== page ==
Japan’s economy grew Slower Than Anticipated in December Quarter

source: Noriko Hayashi

Capital spending sharply contracted, raw materials piling up, ready products stacked by companies contributed to slowing expansion.

The Japanese economy has contracted at a slower rate than initially reported over the last three months. With companies tightening expenditure for plants and machinery and sharply cutting inventories as coronavirus demand reached the pandemic in Japan,

According to Cabinet Office data released on Tuesday, the economy expanded an annualized 11.7 per cent in the fourth quarter of last year, which was lower than the initial report of 12.7 per cent annualized expansion.

The declining trend was experienced mostly because of the quicker decline in private inventory and capital expenses. Simultaneously, the export grew substantially, which was lower than the previously anticipated rate in the fourth quarter of 2020.

Separated statistics found that household consumption in January was down somewhat more annually than the previous month, which showed that people were careful about shopping in the context of the COVID-19 pandemic.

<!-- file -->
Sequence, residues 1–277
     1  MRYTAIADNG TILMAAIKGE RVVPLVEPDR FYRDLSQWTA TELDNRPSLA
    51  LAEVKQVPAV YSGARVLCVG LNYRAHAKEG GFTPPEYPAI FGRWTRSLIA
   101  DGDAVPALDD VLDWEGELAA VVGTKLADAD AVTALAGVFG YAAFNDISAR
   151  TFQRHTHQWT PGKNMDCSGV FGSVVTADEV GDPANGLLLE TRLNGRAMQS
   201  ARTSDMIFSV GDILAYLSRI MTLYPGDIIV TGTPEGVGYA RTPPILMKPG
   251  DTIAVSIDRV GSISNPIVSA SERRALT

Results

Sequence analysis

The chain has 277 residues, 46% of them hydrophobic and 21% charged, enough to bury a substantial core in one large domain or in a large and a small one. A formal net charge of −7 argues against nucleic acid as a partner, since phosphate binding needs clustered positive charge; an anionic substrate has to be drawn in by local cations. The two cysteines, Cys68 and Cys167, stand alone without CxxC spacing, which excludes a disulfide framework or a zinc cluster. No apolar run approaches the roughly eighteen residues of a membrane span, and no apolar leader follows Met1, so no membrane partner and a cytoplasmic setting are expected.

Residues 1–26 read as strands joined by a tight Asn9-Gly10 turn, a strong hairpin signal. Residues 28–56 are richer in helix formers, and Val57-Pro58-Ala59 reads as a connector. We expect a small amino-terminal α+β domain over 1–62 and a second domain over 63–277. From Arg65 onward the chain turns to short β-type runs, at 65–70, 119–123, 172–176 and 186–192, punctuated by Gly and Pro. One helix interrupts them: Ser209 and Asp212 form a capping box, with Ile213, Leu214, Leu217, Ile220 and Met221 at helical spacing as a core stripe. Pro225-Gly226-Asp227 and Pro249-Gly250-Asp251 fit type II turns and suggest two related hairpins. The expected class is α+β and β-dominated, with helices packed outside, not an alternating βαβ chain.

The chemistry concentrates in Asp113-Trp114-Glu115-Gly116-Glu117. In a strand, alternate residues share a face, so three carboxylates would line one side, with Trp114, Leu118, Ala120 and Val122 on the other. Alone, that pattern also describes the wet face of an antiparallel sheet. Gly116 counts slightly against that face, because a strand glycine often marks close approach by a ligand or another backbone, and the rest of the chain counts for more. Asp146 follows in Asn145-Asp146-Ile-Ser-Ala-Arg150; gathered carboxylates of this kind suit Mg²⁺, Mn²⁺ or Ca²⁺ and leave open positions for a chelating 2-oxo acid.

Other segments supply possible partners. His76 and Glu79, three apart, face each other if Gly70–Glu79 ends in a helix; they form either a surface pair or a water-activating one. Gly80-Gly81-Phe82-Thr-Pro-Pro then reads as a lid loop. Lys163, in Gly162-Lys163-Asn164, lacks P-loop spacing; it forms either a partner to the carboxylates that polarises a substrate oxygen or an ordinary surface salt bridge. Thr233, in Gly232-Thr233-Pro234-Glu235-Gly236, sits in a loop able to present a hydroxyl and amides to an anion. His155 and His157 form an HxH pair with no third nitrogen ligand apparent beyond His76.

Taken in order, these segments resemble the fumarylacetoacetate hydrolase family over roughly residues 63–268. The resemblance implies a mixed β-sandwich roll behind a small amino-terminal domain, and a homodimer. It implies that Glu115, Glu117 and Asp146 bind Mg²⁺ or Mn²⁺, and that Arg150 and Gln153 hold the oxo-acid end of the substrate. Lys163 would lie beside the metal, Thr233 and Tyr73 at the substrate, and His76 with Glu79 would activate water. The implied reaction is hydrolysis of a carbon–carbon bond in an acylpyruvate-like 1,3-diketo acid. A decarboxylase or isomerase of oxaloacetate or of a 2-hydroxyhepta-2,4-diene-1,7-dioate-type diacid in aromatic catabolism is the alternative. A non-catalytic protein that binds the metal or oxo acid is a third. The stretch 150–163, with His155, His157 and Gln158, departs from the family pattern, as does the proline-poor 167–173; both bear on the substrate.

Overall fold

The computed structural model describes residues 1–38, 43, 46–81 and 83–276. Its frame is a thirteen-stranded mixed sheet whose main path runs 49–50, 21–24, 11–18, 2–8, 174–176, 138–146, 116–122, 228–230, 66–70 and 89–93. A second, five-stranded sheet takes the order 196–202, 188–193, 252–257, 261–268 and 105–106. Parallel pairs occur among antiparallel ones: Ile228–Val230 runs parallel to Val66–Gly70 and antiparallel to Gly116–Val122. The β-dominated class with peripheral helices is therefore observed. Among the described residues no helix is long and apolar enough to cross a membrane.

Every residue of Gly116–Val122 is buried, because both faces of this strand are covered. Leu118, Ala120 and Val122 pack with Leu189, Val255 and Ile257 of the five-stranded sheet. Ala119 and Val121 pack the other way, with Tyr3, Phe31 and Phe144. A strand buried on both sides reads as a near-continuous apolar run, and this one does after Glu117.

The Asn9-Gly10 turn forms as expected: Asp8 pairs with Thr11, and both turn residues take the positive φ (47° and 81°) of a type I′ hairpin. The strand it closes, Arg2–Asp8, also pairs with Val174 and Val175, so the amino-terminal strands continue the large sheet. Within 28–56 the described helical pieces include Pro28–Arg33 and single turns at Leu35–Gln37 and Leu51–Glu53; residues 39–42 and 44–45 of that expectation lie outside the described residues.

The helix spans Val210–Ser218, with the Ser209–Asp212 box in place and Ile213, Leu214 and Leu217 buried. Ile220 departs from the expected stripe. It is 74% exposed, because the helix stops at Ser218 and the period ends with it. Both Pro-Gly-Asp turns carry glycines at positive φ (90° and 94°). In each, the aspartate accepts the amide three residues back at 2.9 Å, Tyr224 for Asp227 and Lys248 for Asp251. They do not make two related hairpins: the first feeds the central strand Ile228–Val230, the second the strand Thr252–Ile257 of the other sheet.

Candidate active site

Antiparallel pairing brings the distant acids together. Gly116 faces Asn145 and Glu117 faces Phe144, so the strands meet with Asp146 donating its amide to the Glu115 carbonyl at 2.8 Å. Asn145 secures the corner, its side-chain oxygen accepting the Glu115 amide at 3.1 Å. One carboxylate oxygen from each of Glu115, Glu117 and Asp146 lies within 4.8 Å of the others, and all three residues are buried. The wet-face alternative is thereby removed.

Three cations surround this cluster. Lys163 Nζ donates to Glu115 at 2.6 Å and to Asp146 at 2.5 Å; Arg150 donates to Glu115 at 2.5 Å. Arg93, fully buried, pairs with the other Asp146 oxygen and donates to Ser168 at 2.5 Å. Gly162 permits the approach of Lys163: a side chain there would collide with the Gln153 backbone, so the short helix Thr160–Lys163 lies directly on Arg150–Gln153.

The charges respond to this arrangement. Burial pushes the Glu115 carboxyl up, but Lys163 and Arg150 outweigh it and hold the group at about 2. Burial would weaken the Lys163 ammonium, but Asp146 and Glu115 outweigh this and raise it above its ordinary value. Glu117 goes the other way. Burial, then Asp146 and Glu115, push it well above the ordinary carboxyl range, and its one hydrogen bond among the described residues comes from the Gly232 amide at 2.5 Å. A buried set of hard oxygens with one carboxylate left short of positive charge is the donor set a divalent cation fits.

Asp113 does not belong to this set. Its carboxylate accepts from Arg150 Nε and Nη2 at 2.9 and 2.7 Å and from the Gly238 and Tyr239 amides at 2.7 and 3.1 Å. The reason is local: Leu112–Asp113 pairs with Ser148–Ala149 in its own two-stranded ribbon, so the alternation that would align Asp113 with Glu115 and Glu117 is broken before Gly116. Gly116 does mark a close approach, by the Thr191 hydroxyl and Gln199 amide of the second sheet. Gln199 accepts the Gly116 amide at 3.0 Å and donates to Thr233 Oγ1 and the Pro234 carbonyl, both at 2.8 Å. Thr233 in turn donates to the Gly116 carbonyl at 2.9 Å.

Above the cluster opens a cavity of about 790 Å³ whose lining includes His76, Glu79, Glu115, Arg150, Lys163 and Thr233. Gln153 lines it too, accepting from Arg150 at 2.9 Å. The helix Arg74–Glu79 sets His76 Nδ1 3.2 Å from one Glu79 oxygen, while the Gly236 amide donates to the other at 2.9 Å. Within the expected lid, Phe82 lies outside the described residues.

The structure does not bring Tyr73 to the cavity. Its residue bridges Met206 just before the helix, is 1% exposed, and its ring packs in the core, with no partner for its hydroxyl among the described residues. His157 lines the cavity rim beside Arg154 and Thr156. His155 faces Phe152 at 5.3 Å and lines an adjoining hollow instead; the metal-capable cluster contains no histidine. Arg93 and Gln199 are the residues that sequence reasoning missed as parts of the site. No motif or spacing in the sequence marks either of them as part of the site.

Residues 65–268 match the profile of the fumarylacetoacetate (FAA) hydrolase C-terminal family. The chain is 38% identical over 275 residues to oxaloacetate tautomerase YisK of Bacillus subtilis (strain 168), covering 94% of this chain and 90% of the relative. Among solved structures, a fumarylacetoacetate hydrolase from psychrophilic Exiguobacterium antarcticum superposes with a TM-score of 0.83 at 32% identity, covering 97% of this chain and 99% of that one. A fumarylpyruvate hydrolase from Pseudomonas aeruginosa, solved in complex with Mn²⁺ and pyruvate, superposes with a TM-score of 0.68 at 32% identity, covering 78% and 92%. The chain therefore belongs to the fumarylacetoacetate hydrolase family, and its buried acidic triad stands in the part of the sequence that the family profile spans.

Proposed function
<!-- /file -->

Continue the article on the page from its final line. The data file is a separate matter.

The updated estimate was lower than the median estimate of economists for a 12.8 per cent increase, which results in an actual 2.8 per cent increase from October to December relative to a preliminary 3 per cent increase in the quarter to quarter.

The previous year, investment expenditure increased by 4.3%, less than the tentative estimation of a 4.5% increase by the government, which was outstripping analysts' median projections of a 4.1% increase.

Private inventories, which include raw materials and finished goods detracted 0.6 percentage points from the updated GDP growth rate, worsening a negative provisional addition of 0.4 percentage points.

Private spending, which accounts for the majority of GDP, increased by 2.2 per cent in the last three months, matching the preliminary reading.

Net exports, or exports minus imports, boosted GDP growth by 1.1 percentage point, while domestic demand raised it by 1.8 percentage point, less than the provisional contribution of 2 percentage points.

As the pandemic pressures it to keep its radical stimulus program in place longer than anticipated, the Bank of Japan will pursue a study of its policy instruments next week to make them more "effective and sustainable."